Evaluating the Safety of Signalized Intersections

Transportation safety has been, and continues to be, a critical component emphasized by the United States Department of Transportation (USDOT). The number of deaths on highways in the United States remained steady for the 15 year period from 1990-2005 at approximately 40,000 fatalities per year. Since 2005 the number of deaths has declined steadily to 30,797 fatalities in 2009 (NHTSA 2011a). The fatality rate has continued to drop during the entire 20 year period from 1990-2009 due to an increase in the total number of vehicle miles traveled (VMT) in the nation. The rate has dropped from 2.08 fatalities per 100 million VMT in 1990 to 1.13 fatalities per 100 million VMT in 2009 (NHTSA 2011a). Even with this decline in traffic fatalities, there is still room for improvement in all areas of transportation safety. The Utah Department of Transportation (UDOT) has placed transportation safety at the forefront of their priorities over the past several years. One of the more active programs in the state is the "Zero Fatalities: A Goal We Can All Live With™" campaign. Since the inception of the campaign, awareness of the dangers of traffic safety has increased, while traffic fatalities in the state have dropped 37 percent since 2000 (UDOT 2011). While great strides have been made in transportation and traffic safety, there are continual improvements to be made. One area to consider for improvement in terms of transportation safety is that of signalized intersections. Each year the Utah Department of Transportation (UDOT) makes improvements to signalized intersections in an effort to improve safety (particularly to reduce right-angle crashes). These improvements include signalization of a non-signalized intersection, left-turn phasing, dilemma zone detection, improved roadway lighting, and others. Nationwide approximately 8 percent of all fatal crashes, 26 percent of all injury crashes, and 23 percent of all crashes occur at traffic signals (NHTSA 2011b). As such there is a need to address the safety benefits of signal improvements in an effort to identify those practices that have the highest benefit for safety reduction at signalized intersections. The primary objective of this research is to determine the safety effects of signal improvements at intersections as a function of crash reduction. The results of the research will be used to determine benefit/cost ratios for various signal improvements to help in allocating safety funds. Specifically the objectives of the research are to: 1) estimate safety benefits of signal improvements; 2) utilize UDOT databases (crash data, traffic studies, warrant reviews, etc.) to collect data on signalized intersection locations throughout the state that have had intersection improvements made to determine the safety benefits of such improvements; 3) develop crash modification factors for each improvement with a focus on specific crash types (generally high severity crashes); and 4) determine cost/benefit ratios for use in evaluating the effectiveness of signal improvements. UDOT will benefit from this project by better understanding the effectiveness of specific signal improvements in terms of overall safety and performance. The goal of UDOT Traffic & Safety is to reduce right angle crashes (and other severe crashes) at intersections, and ultimately to save lives, while effectively utilizing available funding. This research is important to help meet these goals. The measures developed will help UDOT Traffic & Safety determine the most efficient use of program funding. UDOT will benefit not only through Traffic & Safety, all citizens of the state will benefit through the safety improvements that will move the state closer to ZERO FATALITIES.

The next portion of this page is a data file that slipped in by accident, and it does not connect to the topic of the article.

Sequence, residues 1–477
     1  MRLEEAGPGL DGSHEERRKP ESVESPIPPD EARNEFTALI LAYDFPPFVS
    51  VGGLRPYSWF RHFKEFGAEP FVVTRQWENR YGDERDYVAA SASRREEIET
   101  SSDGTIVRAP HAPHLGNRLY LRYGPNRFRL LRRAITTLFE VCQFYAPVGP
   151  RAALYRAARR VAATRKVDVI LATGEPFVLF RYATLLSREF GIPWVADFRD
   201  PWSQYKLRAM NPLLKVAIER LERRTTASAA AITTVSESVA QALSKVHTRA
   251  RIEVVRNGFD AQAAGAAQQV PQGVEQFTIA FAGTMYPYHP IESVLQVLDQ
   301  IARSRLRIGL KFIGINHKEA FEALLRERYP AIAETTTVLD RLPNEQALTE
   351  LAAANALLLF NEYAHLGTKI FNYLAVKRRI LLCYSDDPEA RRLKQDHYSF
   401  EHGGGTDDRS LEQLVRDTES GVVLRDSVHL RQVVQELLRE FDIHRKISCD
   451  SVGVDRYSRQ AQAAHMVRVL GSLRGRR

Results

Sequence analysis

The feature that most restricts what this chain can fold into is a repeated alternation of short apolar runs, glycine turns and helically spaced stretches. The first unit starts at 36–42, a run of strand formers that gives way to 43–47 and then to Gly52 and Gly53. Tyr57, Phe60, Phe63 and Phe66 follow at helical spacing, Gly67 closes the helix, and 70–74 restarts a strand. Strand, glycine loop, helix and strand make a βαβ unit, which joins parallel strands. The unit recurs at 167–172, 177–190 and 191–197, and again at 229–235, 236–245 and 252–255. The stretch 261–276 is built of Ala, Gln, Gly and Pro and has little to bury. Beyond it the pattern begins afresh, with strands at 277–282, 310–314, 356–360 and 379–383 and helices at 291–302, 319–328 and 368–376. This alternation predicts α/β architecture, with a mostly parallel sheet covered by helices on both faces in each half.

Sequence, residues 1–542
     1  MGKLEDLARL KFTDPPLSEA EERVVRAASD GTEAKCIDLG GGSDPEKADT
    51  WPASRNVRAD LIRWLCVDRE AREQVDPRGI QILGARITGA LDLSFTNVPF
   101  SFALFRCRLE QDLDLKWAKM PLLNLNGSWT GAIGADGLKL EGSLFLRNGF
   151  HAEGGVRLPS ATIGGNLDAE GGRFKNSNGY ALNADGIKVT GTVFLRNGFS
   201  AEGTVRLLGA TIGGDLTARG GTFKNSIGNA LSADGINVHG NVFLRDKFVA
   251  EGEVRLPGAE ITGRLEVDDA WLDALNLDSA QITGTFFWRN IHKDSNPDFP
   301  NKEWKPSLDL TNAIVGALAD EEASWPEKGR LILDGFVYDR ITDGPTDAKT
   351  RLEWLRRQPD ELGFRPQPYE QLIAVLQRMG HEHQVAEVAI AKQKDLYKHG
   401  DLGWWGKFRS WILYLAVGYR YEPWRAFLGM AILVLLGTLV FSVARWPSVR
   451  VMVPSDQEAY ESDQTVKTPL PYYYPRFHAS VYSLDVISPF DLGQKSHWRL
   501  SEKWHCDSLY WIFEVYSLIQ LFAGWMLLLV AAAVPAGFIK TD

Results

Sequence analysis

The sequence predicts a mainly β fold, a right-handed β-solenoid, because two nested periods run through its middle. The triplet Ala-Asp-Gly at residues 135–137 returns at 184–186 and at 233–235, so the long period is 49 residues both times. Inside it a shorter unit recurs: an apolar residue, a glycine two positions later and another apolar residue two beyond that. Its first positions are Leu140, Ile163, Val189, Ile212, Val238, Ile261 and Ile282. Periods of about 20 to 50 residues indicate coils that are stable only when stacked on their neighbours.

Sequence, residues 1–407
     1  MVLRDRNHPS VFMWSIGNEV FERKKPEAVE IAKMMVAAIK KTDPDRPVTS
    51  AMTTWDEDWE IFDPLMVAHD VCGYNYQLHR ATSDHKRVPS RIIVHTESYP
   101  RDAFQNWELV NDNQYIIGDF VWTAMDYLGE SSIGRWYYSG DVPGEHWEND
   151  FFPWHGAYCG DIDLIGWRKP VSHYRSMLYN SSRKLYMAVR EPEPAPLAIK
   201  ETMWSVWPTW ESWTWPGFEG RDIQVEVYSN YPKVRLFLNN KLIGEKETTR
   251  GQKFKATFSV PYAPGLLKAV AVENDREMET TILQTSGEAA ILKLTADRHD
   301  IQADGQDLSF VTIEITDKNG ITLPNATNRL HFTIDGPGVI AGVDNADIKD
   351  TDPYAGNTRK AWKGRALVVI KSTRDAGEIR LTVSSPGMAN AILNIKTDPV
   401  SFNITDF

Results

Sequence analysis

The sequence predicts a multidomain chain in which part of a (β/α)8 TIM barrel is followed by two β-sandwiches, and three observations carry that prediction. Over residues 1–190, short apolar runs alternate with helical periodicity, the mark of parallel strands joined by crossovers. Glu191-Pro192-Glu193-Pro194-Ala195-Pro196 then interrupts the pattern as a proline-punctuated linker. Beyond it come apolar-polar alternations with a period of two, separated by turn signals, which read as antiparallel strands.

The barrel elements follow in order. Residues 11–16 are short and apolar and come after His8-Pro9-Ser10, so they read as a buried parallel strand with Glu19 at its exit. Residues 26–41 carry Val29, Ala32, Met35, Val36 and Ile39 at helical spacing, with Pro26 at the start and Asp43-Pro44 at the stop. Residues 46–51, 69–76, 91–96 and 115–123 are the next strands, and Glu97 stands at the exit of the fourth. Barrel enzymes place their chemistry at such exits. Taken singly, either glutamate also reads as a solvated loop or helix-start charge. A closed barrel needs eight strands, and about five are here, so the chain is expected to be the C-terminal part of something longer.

• English


    • Status: Active
    • Contract Numbers:



    • Sponsor Organizations:

      Utah Department of Transportation

      4501 South 2700 West
      Project Development
      Salt Lake City, UT  USA  84114-8380
    • Project Managers:

      Nichol, Kevin

    • Performing Organizations:

      Brigham Young University

      Provo, UT  USA  84602-4081
    • Principal Investigators:

      Schultz, Grant

    • Start Date: 20111001
    • Actual Completion Date: 20130901
    • Source Data: RiP Project 33618

    Subject/Index Terms

    Filing Info

    • Accession Number: 01472090
    • Record Type: Research project
    • Source Agency: Utah Department of Transportation
    • Contract Numbers: 12-9109, UT11.303
    • Files: RiP
    • Created Date: Feb 13 2013 1:00AM